For the Love of Comics: SBS Art Students Tour Houston Gallery
Branded by a large “YIIIIIIEE,” the back wall screamed with ebullience. In contrast, the rest of the gallery boasted eerie pictures of clenched fists, silhouettes, and ravenous birds. Together, these images personified an otherwise inanimate space. Like a graphic novel, the Lawndale Exhibition gallery possessed the capacity to transport unsuspecting viewers into a story of “Love and Madness.”
I’ve always admired graphic artwork. From comic books to printmaking, sequential art serves as an innovative mode of visual storytelling. When I learned about “Between Love and Madness,” a new exhibit featuring Mexican comic art in downtown Houston, I was intrigued. I emailed Mr. Christopher Sperandio, a Rice associate professor who designed the exhibit along with his students, to ask if my school could take a field trip to the gallery. To my unexpected delight, Mr. Sperandio said yes, and even offered to meet with us in person.
“I think it was really great that our students gained exposure to new types of artwork. Mr. Spernadio talked to the kids about the importance of gaining new perspectives. He also emphasized the amount of work it takes to be a full time artist,” said Upper School Art Teacher Mrs. Katherine Day.
Mr. Sperandio also provided insight regarding the construction of the gallery. Through a modeling software known as sketchup, Rice students meticulously planned the layout and style of the space. The enthusiastic “YIIIIIIEE” would juxtapose the dark silhouette, while the painting of windows would reflect the physical windows at the end of the gallery.
“The gallery was interesting because all of the comics are in Spanish, so it was fun to translate and understand the story. It made me focus on the images as well, which allowed me to appreciate the artist’s attention to detail,” freshman Emma Bloodworth said.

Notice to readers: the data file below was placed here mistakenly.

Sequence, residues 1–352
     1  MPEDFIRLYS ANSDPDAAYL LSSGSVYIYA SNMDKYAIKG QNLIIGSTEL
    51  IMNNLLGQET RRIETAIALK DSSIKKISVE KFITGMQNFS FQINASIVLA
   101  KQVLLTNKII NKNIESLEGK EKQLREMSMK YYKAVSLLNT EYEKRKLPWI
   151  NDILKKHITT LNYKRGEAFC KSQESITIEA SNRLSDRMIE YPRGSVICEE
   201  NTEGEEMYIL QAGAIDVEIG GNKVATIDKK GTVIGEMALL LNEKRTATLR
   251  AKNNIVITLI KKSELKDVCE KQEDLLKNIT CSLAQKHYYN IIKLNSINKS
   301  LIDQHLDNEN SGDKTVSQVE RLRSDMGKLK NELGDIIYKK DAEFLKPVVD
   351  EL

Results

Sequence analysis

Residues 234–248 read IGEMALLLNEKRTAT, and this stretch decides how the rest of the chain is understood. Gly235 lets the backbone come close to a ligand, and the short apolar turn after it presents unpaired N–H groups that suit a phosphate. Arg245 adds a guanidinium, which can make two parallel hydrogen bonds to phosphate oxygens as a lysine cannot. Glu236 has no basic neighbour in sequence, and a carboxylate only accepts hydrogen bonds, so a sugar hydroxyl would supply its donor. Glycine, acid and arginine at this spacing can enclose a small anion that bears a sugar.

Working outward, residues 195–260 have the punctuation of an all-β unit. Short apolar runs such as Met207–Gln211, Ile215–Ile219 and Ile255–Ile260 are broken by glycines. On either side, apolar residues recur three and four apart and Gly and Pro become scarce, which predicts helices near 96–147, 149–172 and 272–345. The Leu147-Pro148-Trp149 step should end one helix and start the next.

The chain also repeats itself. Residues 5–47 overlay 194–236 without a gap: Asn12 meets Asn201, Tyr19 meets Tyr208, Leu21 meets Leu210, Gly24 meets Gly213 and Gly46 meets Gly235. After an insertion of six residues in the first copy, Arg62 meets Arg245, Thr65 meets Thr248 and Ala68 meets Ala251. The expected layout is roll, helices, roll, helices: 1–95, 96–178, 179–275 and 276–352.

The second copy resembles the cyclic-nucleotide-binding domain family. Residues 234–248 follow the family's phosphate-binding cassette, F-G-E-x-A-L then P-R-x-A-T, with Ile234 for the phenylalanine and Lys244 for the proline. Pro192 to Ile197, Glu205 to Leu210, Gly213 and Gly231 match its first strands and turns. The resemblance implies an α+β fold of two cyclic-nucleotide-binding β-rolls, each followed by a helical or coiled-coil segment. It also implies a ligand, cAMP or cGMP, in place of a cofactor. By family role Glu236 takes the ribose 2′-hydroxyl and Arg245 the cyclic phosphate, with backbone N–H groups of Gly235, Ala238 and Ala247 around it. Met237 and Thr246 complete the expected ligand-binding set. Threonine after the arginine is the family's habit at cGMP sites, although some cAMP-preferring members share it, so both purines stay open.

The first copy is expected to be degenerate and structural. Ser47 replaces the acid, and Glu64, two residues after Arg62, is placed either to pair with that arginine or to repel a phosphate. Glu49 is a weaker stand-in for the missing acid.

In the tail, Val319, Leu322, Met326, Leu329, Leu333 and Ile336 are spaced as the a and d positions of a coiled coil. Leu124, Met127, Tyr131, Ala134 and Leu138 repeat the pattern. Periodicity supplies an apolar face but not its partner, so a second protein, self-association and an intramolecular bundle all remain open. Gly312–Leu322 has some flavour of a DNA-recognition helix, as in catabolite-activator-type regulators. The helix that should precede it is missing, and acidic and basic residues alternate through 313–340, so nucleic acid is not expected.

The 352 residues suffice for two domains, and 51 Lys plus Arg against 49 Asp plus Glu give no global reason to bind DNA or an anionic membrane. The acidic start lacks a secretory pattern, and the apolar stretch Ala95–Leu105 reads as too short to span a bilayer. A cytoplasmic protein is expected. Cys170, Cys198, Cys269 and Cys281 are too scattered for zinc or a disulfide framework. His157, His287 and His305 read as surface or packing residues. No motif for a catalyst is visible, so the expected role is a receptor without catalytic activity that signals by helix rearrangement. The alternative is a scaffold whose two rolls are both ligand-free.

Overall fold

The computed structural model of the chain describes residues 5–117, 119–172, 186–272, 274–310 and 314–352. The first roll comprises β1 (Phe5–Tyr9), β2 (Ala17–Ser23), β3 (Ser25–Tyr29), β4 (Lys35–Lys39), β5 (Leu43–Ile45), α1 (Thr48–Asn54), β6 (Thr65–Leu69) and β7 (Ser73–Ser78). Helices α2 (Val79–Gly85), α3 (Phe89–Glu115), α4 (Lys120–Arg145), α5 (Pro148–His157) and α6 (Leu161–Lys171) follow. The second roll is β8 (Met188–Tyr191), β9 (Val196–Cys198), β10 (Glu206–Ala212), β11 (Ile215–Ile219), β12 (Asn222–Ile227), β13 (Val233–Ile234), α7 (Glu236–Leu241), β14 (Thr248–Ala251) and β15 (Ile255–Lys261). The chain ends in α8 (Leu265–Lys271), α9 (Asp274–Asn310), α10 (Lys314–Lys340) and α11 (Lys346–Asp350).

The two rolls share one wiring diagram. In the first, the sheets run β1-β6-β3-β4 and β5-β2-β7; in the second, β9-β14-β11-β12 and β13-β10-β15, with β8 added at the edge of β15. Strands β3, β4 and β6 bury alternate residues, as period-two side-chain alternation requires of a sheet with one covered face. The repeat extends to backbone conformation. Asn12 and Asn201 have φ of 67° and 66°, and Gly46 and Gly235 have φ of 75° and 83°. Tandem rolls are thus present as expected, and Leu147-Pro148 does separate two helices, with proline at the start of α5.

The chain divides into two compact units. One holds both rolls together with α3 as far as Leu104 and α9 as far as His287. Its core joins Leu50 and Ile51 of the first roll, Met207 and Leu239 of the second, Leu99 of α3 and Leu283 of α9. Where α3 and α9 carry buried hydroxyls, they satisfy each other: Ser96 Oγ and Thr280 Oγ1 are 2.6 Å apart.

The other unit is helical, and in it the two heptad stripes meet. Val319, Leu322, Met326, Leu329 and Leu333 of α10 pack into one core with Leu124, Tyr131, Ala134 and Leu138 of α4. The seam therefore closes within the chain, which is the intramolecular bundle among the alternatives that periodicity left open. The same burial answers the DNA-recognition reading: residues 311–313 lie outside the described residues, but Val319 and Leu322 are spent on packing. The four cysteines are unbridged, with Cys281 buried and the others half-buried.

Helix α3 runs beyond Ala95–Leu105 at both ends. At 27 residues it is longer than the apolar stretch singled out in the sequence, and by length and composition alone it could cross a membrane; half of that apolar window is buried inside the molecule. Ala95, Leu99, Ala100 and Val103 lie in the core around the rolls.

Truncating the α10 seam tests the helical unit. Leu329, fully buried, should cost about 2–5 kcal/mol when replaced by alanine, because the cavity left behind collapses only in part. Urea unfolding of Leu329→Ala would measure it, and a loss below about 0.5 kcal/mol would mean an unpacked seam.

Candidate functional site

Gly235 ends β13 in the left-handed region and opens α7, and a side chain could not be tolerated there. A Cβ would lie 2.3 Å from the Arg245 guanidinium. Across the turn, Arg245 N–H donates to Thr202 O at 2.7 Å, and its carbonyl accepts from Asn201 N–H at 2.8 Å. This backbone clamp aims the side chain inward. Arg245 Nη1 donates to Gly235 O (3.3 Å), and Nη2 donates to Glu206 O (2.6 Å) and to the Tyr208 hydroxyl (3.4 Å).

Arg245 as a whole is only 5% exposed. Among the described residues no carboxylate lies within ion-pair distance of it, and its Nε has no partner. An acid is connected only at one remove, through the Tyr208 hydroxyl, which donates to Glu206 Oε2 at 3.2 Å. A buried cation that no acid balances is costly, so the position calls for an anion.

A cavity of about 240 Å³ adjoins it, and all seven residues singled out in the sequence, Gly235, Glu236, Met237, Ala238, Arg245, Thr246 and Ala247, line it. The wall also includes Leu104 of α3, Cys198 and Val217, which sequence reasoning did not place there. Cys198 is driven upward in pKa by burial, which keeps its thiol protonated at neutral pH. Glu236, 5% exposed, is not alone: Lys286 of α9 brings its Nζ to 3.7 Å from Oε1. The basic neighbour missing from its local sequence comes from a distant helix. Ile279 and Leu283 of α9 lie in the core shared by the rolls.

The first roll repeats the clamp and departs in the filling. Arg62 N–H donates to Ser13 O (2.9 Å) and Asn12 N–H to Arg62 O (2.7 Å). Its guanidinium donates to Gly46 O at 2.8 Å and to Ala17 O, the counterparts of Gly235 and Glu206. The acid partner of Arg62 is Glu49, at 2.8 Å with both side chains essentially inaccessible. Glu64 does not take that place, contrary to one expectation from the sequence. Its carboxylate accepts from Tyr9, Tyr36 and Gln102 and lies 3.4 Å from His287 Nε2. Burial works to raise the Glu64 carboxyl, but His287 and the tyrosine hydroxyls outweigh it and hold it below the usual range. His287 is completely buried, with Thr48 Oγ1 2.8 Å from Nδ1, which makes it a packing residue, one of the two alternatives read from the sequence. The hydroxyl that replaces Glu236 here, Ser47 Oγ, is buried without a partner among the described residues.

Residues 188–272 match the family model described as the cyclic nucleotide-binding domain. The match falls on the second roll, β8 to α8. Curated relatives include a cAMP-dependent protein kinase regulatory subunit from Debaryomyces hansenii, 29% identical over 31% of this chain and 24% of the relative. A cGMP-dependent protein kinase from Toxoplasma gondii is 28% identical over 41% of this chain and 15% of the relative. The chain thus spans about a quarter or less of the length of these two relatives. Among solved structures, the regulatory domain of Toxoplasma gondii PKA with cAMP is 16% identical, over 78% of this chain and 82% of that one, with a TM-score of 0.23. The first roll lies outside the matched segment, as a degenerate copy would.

The exhibit at Lawndale was one of many galleries that Second Baptist students had the opportunity to visit through a program known as Interim Term. For two weeks, students break from traditional learning in order to take unique classes and gain educational experiences through travel. Mrs. Katherine’s Day’s class on “Houston Art and Culture” allowed students to visit a wide variety of cultural installations. However, many of the students expressed that visiting the exhibit at Lawndale was specifically unique and memorable.
“After touring the gallery and hearing from Mr. Sperandio, we got to make our very own comic books. We used ink pens and comic paper. We learned how to authentically convey a story through our own drawings,” Bloodworth said.
Through the two-week Interim Term program and experiences like touring the Lawndale gallery, Second Baptist students are able to gain distinctive perspectives, encounter new cultures, and enhance their education.
Personally, touring "Between Love and Madness" is why I love Interim. I truly hope Interim Term continues to have such a significant impact in subsequent years at Second Baptist School, and I am so grateful to have learned about the design and construction of the exhibit at Lawndale.
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